Standardization of Herbal Medicines

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Herbal medicine is the most primitive traditional approach to the treatment of diseases and ailments. It is called herbal medicine because it involves the use of plants or plant parts. There is no doubt that herbal medicines provided the first basis for therapeutics before the development or advent of orthodox medicine. Despite the fact that, over the years, chemists have synthesized a large number of chemical substances, many of which have proved useful in modern therapeutics, plants still remain potential sources of useful products. Although the medicine prescribed may contain only one single active item, it is often a mixture of many components. Thousands of herbal medicines are used by peoples from every culture and various indigenous medicines are gradually being introduced into modern therapeutics. In developing countries about 80% of the people, especially the rural population, rely on traditional medical remedies for their health care needs. In developed countries, there has been a resurgence of interest in herbal medicines due, to a large extent, on the preference of many consumers for products of natural origin. In addition, manufactured herbal medicines from their countries of origin often follow in the wake of migrants from countries where traditional medicines play an important role. It is important however, to distinguish between herbal medicine supplied by a “qualified” medical practitioner as a result of a consultation and those herbal remedies (in the form of “teas”) freely available to the public for self-medication. DEFINITION:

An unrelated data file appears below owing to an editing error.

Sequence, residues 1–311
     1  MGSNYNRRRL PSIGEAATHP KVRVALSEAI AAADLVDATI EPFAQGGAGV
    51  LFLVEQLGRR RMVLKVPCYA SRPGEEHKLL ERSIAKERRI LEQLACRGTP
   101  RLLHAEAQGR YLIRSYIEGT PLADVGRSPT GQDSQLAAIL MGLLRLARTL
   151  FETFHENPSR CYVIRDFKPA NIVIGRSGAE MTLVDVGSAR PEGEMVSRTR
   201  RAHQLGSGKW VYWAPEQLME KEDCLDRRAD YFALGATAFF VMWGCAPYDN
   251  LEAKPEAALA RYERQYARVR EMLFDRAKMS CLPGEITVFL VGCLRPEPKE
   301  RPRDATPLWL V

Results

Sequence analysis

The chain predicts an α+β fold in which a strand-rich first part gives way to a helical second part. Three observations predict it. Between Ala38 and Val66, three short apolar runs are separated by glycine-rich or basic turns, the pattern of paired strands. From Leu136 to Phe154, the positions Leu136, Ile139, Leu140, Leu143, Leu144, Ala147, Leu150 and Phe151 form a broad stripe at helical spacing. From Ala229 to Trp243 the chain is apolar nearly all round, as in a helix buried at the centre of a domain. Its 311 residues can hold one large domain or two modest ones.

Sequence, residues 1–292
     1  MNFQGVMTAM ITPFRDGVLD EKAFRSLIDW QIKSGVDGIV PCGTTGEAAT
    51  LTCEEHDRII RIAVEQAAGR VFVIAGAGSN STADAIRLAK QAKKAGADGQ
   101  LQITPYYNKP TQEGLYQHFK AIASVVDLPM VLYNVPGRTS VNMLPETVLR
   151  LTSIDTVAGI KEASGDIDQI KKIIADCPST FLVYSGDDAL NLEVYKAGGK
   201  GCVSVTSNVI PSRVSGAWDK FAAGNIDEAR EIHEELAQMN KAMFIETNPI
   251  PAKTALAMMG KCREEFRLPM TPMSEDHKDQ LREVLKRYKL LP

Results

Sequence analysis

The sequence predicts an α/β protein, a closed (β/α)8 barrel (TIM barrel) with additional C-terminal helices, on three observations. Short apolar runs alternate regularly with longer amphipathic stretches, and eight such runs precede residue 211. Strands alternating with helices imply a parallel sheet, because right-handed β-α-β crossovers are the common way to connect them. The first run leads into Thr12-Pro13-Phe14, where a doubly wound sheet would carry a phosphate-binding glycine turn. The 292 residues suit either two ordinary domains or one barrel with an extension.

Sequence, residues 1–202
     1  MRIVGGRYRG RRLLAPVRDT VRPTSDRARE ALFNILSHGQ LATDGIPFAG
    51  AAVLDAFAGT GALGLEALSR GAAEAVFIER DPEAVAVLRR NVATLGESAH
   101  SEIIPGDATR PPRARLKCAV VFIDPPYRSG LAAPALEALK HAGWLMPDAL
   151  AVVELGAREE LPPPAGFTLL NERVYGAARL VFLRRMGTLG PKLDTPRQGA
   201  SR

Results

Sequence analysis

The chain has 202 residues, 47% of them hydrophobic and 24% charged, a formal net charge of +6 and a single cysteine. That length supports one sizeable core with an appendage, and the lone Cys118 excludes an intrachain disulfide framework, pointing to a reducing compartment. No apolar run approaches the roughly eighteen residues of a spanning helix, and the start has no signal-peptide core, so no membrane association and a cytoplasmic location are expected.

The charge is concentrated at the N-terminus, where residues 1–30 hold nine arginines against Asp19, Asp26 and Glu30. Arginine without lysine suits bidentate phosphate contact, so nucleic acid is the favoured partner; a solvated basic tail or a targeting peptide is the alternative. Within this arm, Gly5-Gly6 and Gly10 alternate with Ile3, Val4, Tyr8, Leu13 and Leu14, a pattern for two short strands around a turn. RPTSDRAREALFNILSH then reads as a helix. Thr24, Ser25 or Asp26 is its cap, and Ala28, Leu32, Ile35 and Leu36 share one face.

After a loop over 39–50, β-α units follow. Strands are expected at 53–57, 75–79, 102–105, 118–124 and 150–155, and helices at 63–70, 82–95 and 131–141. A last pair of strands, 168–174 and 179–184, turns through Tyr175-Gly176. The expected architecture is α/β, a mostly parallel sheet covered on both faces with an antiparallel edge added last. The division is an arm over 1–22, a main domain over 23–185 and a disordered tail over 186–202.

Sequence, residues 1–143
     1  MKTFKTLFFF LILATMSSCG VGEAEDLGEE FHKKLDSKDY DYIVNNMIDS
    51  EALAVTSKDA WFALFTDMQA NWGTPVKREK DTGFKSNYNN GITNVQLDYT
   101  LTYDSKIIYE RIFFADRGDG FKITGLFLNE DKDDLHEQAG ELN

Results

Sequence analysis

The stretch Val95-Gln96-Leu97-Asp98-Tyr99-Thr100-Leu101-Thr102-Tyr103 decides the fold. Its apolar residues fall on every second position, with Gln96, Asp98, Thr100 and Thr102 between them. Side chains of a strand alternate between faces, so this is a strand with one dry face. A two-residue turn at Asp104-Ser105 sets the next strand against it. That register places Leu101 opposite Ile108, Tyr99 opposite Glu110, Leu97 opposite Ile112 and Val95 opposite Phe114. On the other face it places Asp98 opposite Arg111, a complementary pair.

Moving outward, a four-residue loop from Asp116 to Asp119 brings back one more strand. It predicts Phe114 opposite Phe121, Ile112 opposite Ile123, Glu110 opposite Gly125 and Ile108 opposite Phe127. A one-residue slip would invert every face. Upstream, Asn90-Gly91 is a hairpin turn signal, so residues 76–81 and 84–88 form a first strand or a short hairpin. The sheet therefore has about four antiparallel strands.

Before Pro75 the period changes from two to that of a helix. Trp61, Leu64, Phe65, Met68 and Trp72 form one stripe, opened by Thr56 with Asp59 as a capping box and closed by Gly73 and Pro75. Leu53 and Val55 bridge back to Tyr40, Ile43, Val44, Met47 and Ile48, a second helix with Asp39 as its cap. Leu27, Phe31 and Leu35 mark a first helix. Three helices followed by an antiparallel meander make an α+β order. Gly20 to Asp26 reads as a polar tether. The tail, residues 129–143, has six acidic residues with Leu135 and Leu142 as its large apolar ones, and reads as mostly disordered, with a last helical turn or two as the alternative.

According to the World Health Organization (WHO), herbal medicines should be regarded as “finished, labelled medicinal products that contain as active ingredients aerial or underground parts of plants or other plant materials or combinations thereof, whether in the crude state or as plant preparations. Plant material includes juices, gums, fatty oils,...
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